Recently I was chatting with a longtime client about the current state of the stock market, as in, not good. They told me that, after many decades of investing, they were no longer having fun. This struck me as unsurprising given the continuous downdrafts the market has been experiencing of late. However, it was an interesting way to think about investing in the first place – ‘fun’. Perhaps because investing is work for me, I don’t think about investing as fun, like I do biking or skiing. Of course, working with our clients is gratifying, but when you experience the unpredictability and volatility of markets daily, fun may no longer be an apt description.
Speaking of unpredictable and volatile, 2022 has been both, and definitely no fun. At the close of the third quarter, September 30, the stock market notched its (so far?) low point for the year. With virtually all stock benchmarks down more than twenty percent apiece, there has been no place to hide for investors. Bonds? Safe? Not this year, as the Bloomberg US bond aggregate closed the quarter down 14.61% year to date (Source: Bloomberg Bond Aggregate). Commodities? Real estate? Cryptocurrency? Down, down, down.
What do we do? Bail out of everything? Hold cash until things look rosier? Perhaps until the Federal Reserve decides to stop increasing interest rates, or go back in when retail sales look set to rebound, or when inventories drop again? Those who read this newsletter regularly already know the answer. But for those who don’t frequent these pages, the answer is already written, in the market’s performance in the first two trading days of the fourth quarter. As I write this letter in the middle of the second day, I am watching the S&P 500 gain 5.7% over the two days (Source: S&P Global). Up? During all this doom and gloom? For markets, it is often darkest before the dawn, but unlike day and night, when the light comes back is unpredictable. The increase in interest rates over the past year has created somewhat of a silver lining in this volatile market for investors who own bonds due to the potential to enhance their cash flows and total returns.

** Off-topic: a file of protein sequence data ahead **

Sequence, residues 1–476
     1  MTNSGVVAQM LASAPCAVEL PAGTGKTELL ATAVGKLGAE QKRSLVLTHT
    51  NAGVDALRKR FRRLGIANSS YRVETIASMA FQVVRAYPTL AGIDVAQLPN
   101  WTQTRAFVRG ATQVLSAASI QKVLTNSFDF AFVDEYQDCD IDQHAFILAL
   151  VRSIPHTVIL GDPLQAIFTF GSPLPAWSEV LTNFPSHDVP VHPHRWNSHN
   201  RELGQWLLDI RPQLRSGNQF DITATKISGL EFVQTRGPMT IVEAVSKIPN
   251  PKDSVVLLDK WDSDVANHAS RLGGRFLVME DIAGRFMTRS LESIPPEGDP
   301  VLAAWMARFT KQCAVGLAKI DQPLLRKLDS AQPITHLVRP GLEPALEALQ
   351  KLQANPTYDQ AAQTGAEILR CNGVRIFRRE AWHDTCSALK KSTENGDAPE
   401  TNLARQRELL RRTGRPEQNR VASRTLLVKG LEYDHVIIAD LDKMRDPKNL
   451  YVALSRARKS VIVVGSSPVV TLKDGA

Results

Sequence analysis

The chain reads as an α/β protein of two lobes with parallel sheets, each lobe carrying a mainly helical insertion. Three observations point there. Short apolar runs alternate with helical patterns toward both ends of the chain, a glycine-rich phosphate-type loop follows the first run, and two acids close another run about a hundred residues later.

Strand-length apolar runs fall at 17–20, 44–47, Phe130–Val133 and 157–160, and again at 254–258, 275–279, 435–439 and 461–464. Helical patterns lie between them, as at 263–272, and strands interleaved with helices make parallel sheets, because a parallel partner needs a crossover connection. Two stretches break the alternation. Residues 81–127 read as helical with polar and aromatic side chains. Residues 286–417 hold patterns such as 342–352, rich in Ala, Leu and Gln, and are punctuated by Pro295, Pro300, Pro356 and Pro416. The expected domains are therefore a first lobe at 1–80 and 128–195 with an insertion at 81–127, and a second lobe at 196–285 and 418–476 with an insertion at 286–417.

While markets remain out of our direct command, the end of the year coming up presents opportunities that we can control. For those of you who are saving for children and grandchildren, making use of the annual gift exclusion can be valuable. This allows a maximum gift of sixteen-thousand-dollars per person, which means a married couple can give up to thirty-two thousand dollars combined. Gifts to 529 plans may provide opportunities for couples to save on capital gains taxes if and when the funds are used for education. For young kids, these benefits can be significant. These ‘annual’ gift exclusions expire at the end of the calendar year, so it is a ‘use it-or-lose it’ benefit. Another item is IRA and Roth IRA contributions. While these contributions can be extended to April, 2023 it may be worth looking at now given the market volatility. Lastly, if you are a corporate worker, open enrollment season is coming, we are available to discuss which optional benefits are the best suited for you.
Finally, you will potentially notice some movement in your portfolios over the next few months. Part of this is us taking tax-losses on your behalf, if they are applicable, and part is us resetting allocations in accordance with your stated financial objectives and time horizon. In the near-term, our goals are to prepare you to successfully go forward in the new ‘normal’ within the wonderful and fun world of investing. Please call with any questions or if anything changes in your financial situation or to discuss changes you are contemplating.
Scott Lasky, CFP™
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